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Learning how to build Lotus Seven replicas...together!
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PostPosted: February 14, 2016, 11:30 am 
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Location: Rockledge, Florida
Mr Kayak fish SC
I can not remember how many cars I have built over more than sixty years. They range from the first Lotus 6 & 7 in those early days nothing fitted it required files hammer & hacksaw to get parts to fit, To Connaugt & Lago-Talbot both Grand Prix race cars 0f the early 1950s. Also Lotus elevens manufacturing adaptor plates to fit M.G.A. gearbox to Coventry Climax engines. I also built a range of Hot Rod front suspensions with dropped tube axles design and manufactured by our company Quality Rod Parts. This inclusive of chassis & shortening Jag rear ends for T Buckets 32 Fords etc. We designed & built prototype chassis for Alistar Naylor for his M.G. replica now being sold by Hutsun in U.K. We worked with Alan Staniforth read his books. I am mentioned in his book High Speed Low Cost a must read for any one who wants to build his own car.
I do not know how this stacks up against your 2.75 builds I would be delighted to have a early Mini the Sprite must be the early Frog eyed model the M.G.B. must be a chrome bumper model the V6 M.G.A. needs to be deluxe model disc brakes all round the engine must be 60 deg 3.4 liter G.M.
The Sleigh I would have no use Florida has little to no snow.
Also what that comment about sleigh ride has to do with this forum completely escapes me.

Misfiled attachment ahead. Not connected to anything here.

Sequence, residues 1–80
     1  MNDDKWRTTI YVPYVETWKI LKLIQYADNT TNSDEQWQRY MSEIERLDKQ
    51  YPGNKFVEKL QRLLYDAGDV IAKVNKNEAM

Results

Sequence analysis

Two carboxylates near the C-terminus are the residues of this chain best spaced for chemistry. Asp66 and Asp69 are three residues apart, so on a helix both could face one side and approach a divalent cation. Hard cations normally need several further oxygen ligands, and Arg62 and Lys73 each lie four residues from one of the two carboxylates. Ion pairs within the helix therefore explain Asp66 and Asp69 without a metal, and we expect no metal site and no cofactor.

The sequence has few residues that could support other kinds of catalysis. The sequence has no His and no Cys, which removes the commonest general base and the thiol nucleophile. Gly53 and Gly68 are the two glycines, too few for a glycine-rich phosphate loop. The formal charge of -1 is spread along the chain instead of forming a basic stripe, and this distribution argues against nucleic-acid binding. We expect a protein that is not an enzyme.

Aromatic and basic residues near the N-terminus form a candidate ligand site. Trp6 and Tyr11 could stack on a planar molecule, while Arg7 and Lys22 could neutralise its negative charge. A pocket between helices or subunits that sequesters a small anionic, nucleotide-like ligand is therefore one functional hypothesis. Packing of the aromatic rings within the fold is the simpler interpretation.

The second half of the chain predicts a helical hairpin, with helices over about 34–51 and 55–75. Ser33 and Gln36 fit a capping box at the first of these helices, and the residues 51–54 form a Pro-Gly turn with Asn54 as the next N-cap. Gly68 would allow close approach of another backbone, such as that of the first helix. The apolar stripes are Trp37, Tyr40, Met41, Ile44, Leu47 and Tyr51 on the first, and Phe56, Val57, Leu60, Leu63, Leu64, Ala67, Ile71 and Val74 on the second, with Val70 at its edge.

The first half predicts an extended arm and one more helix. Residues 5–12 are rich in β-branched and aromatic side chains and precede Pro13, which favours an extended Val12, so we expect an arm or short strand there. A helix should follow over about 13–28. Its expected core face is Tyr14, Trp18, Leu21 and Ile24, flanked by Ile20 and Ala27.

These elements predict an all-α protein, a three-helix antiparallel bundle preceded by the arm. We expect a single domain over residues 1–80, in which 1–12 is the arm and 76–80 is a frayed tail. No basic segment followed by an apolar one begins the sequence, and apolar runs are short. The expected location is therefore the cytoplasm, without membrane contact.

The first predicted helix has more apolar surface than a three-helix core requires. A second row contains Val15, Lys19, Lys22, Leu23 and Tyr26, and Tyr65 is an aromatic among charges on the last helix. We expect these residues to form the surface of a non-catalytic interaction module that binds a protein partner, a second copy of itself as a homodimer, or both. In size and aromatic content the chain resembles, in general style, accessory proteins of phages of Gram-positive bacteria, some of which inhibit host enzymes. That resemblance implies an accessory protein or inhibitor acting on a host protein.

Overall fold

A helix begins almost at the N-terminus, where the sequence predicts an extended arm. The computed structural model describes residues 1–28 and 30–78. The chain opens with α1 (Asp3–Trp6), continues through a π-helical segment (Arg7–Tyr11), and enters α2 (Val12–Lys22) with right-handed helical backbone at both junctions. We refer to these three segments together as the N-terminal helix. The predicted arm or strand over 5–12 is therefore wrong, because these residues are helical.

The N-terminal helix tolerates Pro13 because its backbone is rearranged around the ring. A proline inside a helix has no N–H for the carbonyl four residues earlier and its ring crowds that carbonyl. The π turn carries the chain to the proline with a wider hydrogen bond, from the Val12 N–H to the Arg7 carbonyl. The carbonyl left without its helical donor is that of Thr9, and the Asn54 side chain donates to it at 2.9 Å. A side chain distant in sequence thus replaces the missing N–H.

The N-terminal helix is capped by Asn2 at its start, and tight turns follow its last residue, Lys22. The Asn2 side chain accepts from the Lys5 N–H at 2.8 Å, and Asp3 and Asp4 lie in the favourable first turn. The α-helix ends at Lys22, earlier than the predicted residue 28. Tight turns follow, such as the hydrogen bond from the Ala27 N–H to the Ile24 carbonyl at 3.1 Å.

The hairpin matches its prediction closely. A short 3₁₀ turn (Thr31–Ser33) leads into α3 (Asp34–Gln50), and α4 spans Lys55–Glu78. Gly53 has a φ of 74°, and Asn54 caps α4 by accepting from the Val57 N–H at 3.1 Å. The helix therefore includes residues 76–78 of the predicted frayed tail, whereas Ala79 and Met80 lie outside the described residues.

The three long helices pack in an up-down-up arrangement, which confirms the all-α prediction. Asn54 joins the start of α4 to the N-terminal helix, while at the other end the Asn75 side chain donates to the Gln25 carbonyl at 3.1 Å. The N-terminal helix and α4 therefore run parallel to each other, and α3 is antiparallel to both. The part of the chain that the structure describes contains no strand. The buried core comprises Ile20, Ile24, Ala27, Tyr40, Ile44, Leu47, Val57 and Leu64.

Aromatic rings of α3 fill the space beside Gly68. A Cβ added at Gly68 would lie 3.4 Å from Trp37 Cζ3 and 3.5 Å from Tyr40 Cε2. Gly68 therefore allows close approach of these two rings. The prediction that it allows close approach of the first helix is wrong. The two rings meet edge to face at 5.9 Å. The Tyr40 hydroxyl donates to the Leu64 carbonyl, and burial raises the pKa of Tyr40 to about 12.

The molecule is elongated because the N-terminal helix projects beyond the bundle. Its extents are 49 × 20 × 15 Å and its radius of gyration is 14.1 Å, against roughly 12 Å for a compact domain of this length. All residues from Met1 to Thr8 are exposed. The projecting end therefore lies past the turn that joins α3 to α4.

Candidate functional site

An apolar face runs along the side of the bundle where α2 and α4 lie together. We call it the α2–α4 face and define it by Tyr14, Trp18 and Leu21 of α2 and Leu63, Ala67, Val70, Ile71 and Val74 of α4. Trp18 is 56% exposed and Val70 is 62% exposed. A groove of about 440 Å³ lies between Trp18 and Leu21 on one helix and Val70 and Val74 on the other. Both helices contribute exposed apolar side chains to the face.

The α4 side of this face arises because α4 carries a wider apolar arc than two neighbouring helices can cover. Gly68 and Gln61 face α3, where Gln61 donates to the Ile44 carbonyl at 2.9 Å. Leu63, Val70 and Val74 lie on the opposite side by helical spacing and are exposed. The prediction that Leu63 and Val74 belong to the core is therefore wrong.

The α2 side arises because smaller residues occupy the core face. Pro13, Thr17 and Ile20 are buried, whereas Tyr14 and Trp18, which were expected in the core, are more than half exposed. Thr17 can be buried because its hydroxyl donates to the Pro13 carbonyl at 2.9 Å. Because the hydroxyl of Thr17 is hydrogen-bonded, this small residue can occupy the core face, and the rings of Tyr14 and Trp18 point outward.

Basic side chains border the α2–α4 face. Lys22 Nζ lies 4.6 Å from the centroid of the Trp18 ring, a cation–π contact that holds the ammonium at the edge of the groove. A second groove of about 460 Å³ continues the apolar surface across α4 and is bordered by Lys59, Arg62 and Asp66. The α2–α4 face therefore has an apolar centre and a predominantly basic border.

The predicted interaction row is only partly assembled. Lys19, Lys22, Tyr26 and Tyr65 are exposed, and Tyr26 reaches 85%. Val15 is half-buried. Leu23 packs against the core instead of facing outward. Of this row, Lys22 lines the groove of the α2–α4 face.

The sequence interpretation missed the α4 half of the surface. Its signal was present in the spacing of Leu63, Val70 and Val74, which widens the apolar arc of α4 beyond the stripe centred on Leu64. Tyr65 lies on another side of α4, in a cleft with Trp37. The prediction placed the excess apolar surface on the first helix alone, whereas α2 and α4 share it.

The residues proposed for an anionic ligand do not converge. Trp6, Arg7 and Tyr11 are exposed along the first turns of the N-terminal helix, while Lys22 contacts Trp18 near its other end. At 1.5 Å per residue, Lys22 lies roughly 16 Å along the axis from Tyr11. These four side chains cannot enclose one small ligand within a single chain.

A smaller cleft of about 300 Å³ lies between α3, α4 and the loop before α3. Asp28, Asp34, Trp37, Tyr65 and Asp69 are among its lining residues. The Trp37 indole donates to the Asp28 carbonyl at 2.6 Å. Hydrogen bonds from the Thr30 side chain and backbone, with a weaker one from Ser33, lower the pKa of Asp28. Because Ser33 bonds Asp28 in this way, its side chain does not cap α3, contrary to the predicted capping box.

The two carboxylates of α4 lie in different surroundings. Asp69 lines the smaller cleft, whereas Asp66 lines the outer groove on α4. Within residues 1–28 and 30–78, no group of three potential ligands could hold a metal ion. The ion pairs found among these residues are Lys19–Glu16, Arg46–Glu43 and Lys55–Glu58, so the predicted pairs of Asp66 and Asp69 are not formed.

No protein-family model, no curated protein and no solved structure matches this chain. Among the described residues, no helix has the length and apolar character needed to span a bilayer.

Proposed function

Eric Wharton


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PostPosted: February 14, 2016, 3:38 pm 
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Joined: December 11, 2015, 9:51 am
Posts: 19
Location: Rockledge, Florida
Mr Skidzzz
Yes we are looking to sell components & cars built to what ever stage the customer requires.
The rag top bows are Spridget bows bolted to car at roll bar base our car is 48 inch wide
The material is fixed to windshield frame the rear is press studs.
A local boat sail manufactured the quality is excellent but expensive over a thousand dollars
The customer has no problem entering & exiting from the car
With regard to clam shell fenders we are in the process of getting molds made,the fenders on the blue car are stock that have been reworked to fit car


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PostPosted: February 14, 2016, 3:57 pm 
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Joined: December 11, 2015, 9:51 am
Posts: 19
Location: Rockledge, Florida
Hi Mr Jack McCornack
I feel that if Lexan windshields are standard fit to NASCAR race cars with speeds up to 200 mph.
They will be more thn adequate for my car on normal road use
This is my last word on the subject

Eric Wharton


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PostPosted: February 14, 2016, 4:17 pm 
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Joined: December 11, 2015, 9:51 am
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Location: Rockledge, Florida
Hi Mr Trochu & Turbo-bird
Yes the exhaust systemis mounted solid to the car body panel the the brkt is 16 gage stainless steel
The brkt will flex for & aft to allow for expansion, the rear muffler mount is rubber flex.
Engine is mounted solid to the chassis by a custom brkt, this bolts to stock rubber flex mount very little rock takes place when go pedal is pressed